Being Discreet Can Be Difficult
By Father Kenneth Wasilewski
In section 2489 of the Catechism of the Catholic Church, we’re reminded that there are times when we have an obligation to guard the truth rather than share it. This might mean remaining silent or making use of “discreet language.” 
Discreet language can take different forms. It might mean speaking in generalities or steering conversations away from sensitive topics. It may mean that we reveal only a portion of what we know. 
Using discreet language may even mean employing some form of what is known as “mental reservation.” This is ultimately a form of equivocation, where my words may be at least partially deceptive, but not untrue. Thus I might be able to avoid lying in the technical sense, while still safeguarding information I have a responsibility to protect. 
That being said, throughout history Catholic theologians have disagreed upon the degree to which it can be used or even if it should be used at all. The concept of mental reservation was an attempt to find middle ground between an insistence that one should never use deceptive language and the claim that sometimes it was ok to lie if some good was being protected in the process. 
The classic dilemma that largely spawned these two lines of thought was a scenario where someone was hiding an innocent person in their home who was being pursued by those who wished to do him harm (such as those who hid Jews from the Nazi’s in World War II). If the homeowner was questioned about the innocent person’s whereabouts, what would a morally acceptable response be?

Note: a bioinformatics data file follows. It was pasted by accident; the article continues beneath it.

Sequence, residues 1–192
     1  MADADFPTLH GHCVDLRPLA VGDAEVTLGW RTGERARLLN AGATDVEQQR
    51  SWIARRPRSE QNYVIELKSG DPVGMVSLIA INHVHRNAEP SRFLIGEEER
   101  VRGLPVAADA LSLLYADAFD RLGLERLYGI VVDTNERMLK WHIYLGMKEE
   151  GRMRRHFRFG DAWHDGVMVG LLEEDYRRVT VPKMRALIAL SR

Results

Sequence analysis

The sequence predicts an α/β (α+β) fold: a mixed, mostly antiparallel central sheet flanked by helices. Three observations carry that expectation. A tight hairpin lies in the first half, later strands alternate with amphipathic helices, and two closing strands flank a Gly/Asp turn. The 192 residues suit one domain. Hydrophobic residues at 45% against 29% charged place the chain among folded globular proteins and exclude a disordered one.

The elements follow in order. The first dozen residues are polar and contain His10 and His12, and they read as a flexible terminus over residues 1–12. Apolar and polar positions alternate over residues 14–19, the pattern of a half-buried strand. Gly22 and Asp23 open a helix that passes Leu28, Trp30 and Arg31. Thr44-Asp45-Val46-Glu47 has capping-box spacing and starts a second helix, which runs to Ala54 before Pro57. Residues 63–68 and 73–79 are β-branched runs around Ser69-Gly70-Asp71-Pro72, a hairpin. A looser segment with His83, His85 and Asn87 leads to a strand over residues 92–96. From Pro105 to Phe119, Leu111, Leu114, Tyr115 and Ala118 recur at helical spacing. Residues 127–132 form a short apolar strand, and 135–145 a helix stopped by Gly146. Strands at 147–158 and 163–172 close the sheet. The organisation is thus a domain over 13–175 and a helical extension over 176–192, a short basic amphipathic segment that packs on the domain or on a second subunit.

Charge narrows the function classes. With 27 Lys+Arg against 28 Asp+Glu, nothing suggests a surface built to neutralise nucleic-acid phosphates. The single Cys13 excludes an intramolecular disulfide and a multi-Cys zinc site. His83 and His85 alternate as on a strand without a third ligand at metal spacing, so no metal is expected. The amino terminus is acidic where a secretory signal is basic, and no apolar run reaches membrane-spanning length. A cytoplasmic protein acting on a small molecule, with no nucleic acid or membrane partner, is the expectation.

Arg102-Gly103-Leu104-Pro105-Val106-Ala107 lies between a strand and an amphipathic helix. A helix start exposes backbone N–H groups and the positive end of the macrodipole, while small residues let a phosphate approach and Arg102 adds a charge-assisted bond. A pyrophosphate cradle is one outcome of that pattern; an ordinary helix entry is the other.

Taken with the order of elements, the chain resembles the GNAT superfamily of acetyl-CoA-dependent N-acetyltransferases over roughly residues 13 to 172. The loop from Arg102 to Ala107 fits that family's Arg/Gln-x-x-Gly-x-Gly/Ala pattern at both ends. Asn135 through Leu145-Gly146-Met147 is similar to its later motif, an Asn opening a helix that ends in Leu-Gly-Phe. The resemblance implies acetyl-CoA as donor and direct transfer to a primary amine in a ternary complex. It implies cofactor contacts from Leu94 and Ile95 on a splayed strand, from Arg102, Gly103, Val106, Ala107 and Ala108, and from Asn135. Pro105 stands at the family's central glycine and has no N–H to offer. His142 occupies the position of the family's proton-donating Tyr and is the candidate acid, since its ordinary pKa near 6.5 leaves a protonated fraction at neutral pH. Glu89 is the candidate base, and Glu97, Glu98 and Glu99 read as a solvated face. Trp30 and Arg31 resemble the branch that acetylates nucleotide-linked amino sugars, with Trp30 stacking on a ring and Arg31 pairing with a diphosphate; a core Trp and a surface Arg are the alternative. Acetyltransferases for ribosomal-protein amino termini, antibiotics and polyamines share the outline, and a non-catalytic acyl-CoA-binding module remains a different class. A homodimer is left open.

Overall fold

Some theologians have claimed the response would need to be silence or an outright refusal to give information. But this position was difficult to defend if harm would still come to the homeowner or innocent person as a result. 
On the other hand, some theologians would claim it was acceptable to lie in a scenario like this. But this wasn’t an entirely satisfactory answer either since it would seemingly condone lying and in the process repudiate St. Paul’s instruction not to do evil so that good comes from it. 
The concept of mental reservation was an attempt to protect both goods at stake in scenarios like this: protecting the innocent and avoiding lying. For example, the homeowner might respond by saying something like, “I haven’t seen him in some time” (meaning, I haven’t seen him since I answered the door), or “I don’t know where he is” (meaning, I don’t know his exact location in the house right now — even if I knew what room he’s in, I may not know his exact position). Both of these statements can be considered technically true, while at the same time being deceptive — thus avoiding what technically constitutes a lie. 
The homeowner is employing a form of mental reservation by saying things that are true while reserving the full meaning of what she says to herself. Even though this idea of mental reservation isn’t included in the catechism as an actual teaching of the Church (and it isn’t an “official” teaching), it has been suggested by saints and widely taught to Catholics for generations as being an acceptable approach to avoid the extremes in the other two positions. 
Most theologians would at least agree that there is no specific Church teaching against using mental reservation, even if the Church has yet to formally endorse it. That being said, most theologians would also agree that it has its limits as well. For instance, that it should only be used for those situations that call for it — not just in a casual sense or without a good reason or for selfish gain. Likewise, it would be wrong to use it in situations where someone has a legitimate right to know the truth. 
Can a Catholic use it in good conscience in certain situations? Most theologians would say it’s an example of “discreet language,” and therefore, “yes.”